The law must govern our courts June 1, 2005 Regular News The law must govern our courts Donald H. Partington Special to the News In the spirit of Law Day it is timely to address the most unfortunate venom that has recently been directed at the federal and state judiciaries arising out of the Terri Schiavo sadness. The current attack on judges reflects a serious lack of knowledge about the independence of the judiciary, which is a part of the fabric of our society, and of the rule of law that governs how judges decide cases.After Congress intervened in the judicial system by extending federal court jurisdiction to a single case that had already been thoroughly considered in the Florida judicial system and rejected by the U.S. Supreme Court, to my knowledge no writer or speaker has addressed exactly what issues were presented to the U.S. district court and the 11th Circuit Court of Appeals. Considering issues A fundamental point that must be understood is that courts consider the issues they are asked to decide, and only those issues. They must then apply existing law and precedent to resolution of those issues as they would to any other similar issue, and be consistent about it.What were the issues that were presented to the federal courts after the passage of the recent special congressional act?First, the special congressional act gave jurisdiction to the U.S. District Court for the Middle District of Florida to “hear, determine, and render judgment on a suit or claim by or on behalf of Theresa Marie Schiavo for the alleged violation of any right of Theresa Marie Schiavo under the Constitution or laws of the United States relating to the withholding or withdrawal of food, fluids, or medical treatment necessary to sustain life.” Congress did not say that the court could determine whether the parents or the husband or the state court judge were right or wrong concerning the withdrawal of a feeding tube.This limited grant of jurisdiction initially prompted five claims by the parents of Theresa Schiavo claiming the violation of 14th Amendment, Due Process, Equal Protection and Freedom of Religion rights.Based on these claims, a temporary injunction was sought requiring the invasive procedure of reinserting the feeding tube pending a final determination of these claims.The district court judge was required by his oath of office to consider these claims; to apply the law applicable to each of these claims; and to follow long-standing decisional precedent concerning when, and under what circumstances, a temporary injunction may be issued. To obtain such an injunction there must be a showing of a substantial likelihood of success on the merits on at least one of the claims. The district court judge carefully analyzed each claim and found that based on existing case precedent there was actually no constitutional right that was implicated, or if implicated, violated. Concerning the ruling of the Florida state court judge which the district court judge was called upon to review, he stated plainly:“fulfilling his judicial responsibilities the judge was not transformed into an advocate merely because his rulings are unfavorable to a litigant.. .. [N]o federal constitutional right is implicated when a judge merely grants relief to a litigant in accordance with the law he is sworn to uphold and follow.”In rejecting each of the claims, the district court judge was required to find under established law it could not be said that ultimately the claimant would prevail on the merits of any of them. He so found. So, the district court judge had no choice but to deny the request for the injunction. The judge followed the law he was required to follow and concluded with confidence that he was following the law correctly, even though the court acknowledged and concluded: “This court appreciates the gravity of the consequences of denying injunctive relief. Even under these difficult and time strained circumstances, however, and notwithstanding Congress’ expressed interest in the welfare of Theresa Schiavo, this court is constrained to apply the law to the issues before it.”The district court judge went further, kept the door open for a second chance and said he would consider any other claims that might be timely presented. The decision was affirmed by a majority of a three-judge panel of the 11th Circuit Court of Appeals that, after its own careful analysis, ended with this conclusion:“There is no denying the absolute tragedy that has befallen Mrs. Schiavo. We all have our own family, our own loved ones, and our own children. However, we are called upon to make a collective, objective decision concerning a question of law. In the end, and no matter how much we wish Mrs. Schiavo had never suffered such a horrible accident, we are a nation of laws, and if we are to continue to be so, the pre-existing and well-established federal law governing injunctions as well as Pub. L. No. 109-3 [the congressional act that gave the federal courts jurisdiction in the Schiavo case] must be applied in her case.”The invitation of the district court judge to consider other claims was accepted by the parents of Mrs. Schiavo, who amended the complaint to make five more claims. These new claims were based on claimed additional violations of the 14th Amendment and various federal statutes, such as the Americans with Disabilities Act.As to each of these claims, the district court was required to, and did carefully, analyze existing case law and the wording of the statutes to determine who had a right to make such claims; against what parties such claims can be asserted; whether the claims came under the statute or Constitution at all; and most importantly, whether there was a showing that the threshold for issuance of a preliminary injunction and its requirement of a showing of a substantial likelihood of success on the merits had been met on any one of the counts. The court could not so find and denied the claims.The 11th Circuit Court of Appeals panel, conducting its own careful analysis of these claims, also could find no support in law for them. The judge who had dissented to the first decision of the three-judge panel of judges agreed, stating as to these new claims: “I concur in the result for the reason that the plaintiffs have been unable to come forward in their second amended complaint with any new claims palpably alleging the denial of a right secured by the Constitution or laws of the United States.” Ill-conceived ‘fix’ The district court judge and the 11th Circuit Court of Appeals judges thus decided the case by (1) addressing the issues presented, and (2) applying the existing law and precedent they were obligated to follow, and reached a decision that was not based on their personal judgment as to who was right or wrong in the dispute. They were not empowered to, and were not asked to, decide whether the parents or the husband had the right to make the life-and-death decision that captured the attention of the nation.Sadly, some of our national leaders, who should know better, have taken these decisions as the proof that will justify an ill-conceived and misguided attempt to do something to “fix” the judiciary in order that they might make the “right” decisions.Several years ago I had the privilege of visiting the Soviet Union with a group of American lawyers. We met with Russian lawyers as well as lawyers from all over the Soviet Union. In one of our meetings the topic of the need for an independent judiciary was discussed. At one point, an angry Russian lawyer stood up and bravely stated: “We will never have an independent judiciary in Russia until telephone rights are abolished.”We pressed him as to just what he meant by “telephone rights.”He told us that it was the right of the local Communist Party official to call up a judge and tell the judge how the case should be decided in accordance with the party line. Stunned by such an aberrant concept, the American lawyers looked at each other and silently expressed their personal and communal appreciation for the independence of the judiciary so well embedded in our country.Those who advocate “fixing” decisions of judges that are not in agreement with the outcome an American party official determines should be the correct outcome, rather than one based on law and precedent, must understand that what they propose is nothing more and nothing less than the institution of telephone rights in America; this would be destructive of our judicial system that, warts and all, has served this country and its people with majesty and justice while giving the people reasonable assurance that the judgment in their case will, in the end, be based on the law and not the personal feeling of the judge or some political functionary.Our courts and judges must decide only the issues presented to them based on the law they must follow. To do otherwise would be to violate their oath of office.Judge-bashing ill serves us all and demeans and diminishes our rights under the Constitution and laws of this country. More important, it causes disrespect for the rule of law and the independence of the judiciary enshrined in our Constitution and accepted by our people for more than 200 years. Donald H. Partington is a senior member of the law firm Clark Partington Hart Larry Bond & Stackhouse in Pensacola.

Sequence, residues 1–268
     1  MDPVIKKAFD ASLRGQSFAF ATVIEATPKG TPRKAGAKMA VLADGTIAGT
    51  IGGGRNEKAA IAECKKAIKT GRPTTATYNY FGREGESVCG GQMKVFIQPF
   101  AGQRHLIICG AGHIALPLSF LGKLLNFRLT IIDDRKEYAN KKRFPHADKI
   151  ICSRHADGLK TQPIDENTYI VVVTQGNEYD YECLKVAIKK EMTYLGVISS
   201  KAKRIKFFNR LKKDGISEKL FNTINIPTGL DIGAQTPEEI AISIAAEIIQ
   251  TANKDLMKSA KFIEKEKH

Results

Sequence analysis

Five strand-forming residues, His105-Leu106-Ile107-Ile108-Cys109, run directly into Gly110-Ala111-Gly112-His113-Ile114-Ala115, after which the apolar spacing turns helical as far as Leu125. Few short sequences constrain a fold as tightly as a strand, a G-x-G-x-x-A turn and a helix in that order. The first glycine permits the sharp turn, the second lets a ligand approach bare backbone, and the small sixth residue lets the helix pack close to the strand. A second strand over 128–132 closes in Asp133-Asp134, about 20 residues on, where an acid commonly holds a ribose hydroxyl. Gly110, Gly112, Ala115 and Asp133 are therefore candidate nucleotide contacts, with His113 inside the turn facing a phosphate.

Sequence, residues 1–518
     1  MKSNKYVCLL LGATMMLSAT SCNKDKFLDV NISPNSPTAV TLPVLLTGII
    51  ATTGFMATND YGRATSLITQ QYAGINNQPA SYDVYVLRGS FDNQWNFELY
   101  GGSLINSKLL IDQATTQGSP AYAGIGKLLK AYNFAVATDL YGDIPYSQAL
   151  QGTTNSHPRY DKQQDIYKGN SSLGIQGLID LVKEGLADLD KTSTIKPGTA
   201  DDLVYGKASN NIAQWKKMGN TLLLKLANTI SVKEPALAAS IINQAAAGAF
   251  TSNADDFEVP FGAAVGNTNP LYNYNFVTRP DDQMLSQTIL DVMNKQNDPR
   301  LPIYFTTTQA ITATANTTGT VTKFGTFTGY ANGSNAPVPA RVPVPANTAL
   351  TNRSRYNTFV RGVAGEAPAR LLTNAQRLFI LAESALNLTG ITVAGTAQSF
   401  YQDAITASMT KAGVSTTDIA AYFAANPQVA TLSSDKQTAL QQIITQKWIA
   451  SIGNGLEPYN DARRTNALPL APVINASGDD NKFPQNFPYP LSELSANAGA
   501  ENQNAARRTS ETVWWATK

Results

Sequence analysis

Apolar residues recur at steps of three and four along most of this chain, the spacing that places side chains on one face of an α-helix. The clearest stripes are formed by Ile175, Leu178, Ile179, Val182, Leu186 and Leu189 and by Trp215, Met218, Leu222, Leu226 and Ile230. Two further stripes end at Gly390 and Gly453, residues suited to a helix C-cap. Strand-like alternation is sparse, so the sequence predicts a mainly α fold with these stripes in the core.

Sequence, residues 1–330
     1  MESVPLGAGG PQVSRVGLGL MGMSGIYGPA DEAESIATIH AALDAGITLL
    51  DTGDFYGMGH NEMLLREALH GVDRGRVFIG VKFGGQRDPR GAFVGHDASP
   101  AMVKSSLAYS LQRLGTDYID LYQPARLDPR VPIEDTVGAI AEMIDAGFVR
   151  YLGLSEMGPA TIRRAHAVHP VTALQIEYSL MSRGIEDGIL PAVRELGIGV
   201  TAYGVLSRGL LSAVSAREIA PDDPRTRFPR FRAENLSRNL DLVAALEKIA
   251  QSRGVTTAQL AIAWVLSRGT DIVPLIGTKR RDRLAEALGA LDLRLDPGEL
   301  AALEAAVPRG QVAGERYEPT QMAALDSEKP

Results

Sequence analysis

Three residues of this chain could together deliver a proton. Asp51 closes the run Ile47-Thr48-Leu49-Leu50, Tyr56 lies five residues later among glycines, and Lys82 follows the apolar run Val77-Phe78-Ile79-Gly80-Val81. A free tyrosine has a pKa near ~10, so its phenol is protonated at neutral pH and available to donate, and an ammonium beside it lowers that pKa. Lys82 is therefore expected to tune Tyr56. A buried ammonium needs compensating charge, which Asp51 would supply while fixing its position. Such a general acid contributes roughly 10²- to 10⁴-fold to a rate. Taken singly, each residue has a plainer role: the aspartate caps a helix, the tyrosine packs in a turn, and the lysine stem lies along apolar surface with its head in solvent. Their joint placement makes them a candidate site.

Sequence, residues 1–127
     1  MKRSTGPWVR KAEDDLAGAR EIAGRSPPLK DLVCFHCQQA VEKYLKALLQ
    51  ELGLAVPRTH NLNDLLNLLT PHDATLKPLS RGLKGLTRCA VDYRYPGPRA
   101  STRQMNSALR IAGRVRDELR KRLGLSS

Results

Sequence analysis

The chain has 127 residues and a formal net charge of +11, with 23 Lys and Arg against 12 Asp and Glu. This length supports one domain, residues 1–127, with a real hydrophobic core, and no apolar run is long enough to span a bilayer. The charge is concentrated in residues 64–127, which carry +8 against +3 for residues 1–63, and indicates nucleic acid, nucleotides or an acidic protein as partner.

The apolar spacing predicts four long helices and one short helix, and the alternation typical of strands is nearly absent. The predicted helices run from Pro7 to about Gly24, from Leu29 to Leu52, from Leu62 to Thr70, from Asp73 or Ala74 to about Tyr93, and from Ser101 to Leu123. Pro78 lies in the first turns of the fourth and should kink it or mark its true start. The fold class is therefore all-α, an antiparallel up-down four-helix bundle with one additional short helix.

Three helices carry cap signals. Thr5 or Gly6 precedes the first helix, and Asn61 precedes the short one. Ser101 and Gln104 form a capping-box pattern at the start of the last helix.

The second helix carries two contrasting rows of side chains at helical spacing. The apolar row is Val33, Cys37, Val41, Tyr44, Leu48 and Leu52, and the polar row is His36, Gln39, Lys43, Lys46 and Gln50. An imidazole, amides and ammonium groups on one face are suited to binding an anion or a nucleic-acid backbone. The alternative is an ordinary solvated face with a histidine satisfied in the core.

I was not in the industry when credit unions pulled off one of the great lobbying feats in modern history and got Congress to pass the Credit Union Membership Access Act. By getting Congress to overturn a Supreme Court decision, credit unions were allowed to grow. Without its passage, membership restrictions would have continued to strangle the industry to death.Today, we are at another crossroads. We may not have a Supreme Court decision to rally around, but what we do have is an increasingly antiquated legal structure that, if not fundamentally altered in the next few years, could once again strangle the industry.What I’m talking about, of course, are Fields of Membership restrictions designed in an age when banking was limited to geographically defined communities and workers gathered in factories and buildings where they needed to be able to deposit and cash their paychecks on a Friday night. Today, paychecks are automatically deposited, checks are deposited remotely, bills are paid online and loans from anywhere in the country are a click away. The modern day financial institution is morphing from a brick and mortar location into a virtual platform. Fewer and fewer members are going to care about or understand FOMs and they are not about to give their local credit union a hometown discount.Fortunately, many people already realize this fact. The NCUA Board has an FOM Taskforce and at a recent meeting members Metzger and McWatters mused excitedly about the possibility of expanding the reach of credit unions by reinterpreting regulations to reflect modern realities.This is a great start, but NCUA can only stretch its regulations so far to accommodate greater flexibility. Community credit unions are limited by Congress to well-defined “local” communities. There are already credit unions serving associations and occupations on a national level, but as NCUA made clear by recently tightening associational membership requirements, associations are not the gateway to the type of charter flexibility all credit unions need.There is no other option but to start the long hard slog of advancing legislation to reshape the federal charter in a way that gives credit unions greater flexibility to serve a larger scope of members. Impossible, you say? In the immortal words of Rocco Lampone, the go-to henchman for the Corleone family, this would be difficult not impossible. Besides, the industry really has no choice.First, we have a good argument on our side. No financial institution should have to compete in a 21st century world with a charter designed almost eighty years ago. Second We have the advantage of viable state charters to prod Congress to act. It’s not a coincidence that NCUA is taking up FOM reform just as states like New York pass legislation giving credit unions greater flexibility to mix and matc FOMs. If federal law isn’t changed, more and more credit unions are going to have the option of flipping to friendlier state charters.One final thing for credit unions to keep in mind is that income inequality is getting more and more attention. All of the announced presidential candidates agree that income inequality is a problem even if they vehemently disagree about how to be deal with it. Our politicians need to be reminded that, in an age of squeezed incomes when every cent really does matter, consumers need access to the cost effective financial products offered by credit unions and credit unions need easier access to consumers.Difficult? Yes but not impossible. 3SHARESShareShareSharePrintMailGooglePinterestDiggRedditStumbleuponDeliciousBufferTumblr,Henry Meier As General Counsel for the New York Credit Union Association, Henry is actively involved in all legislative, regulatory and legal issues impacting New York credit unions. Whether he’s joining … Web: www.nycua.org Details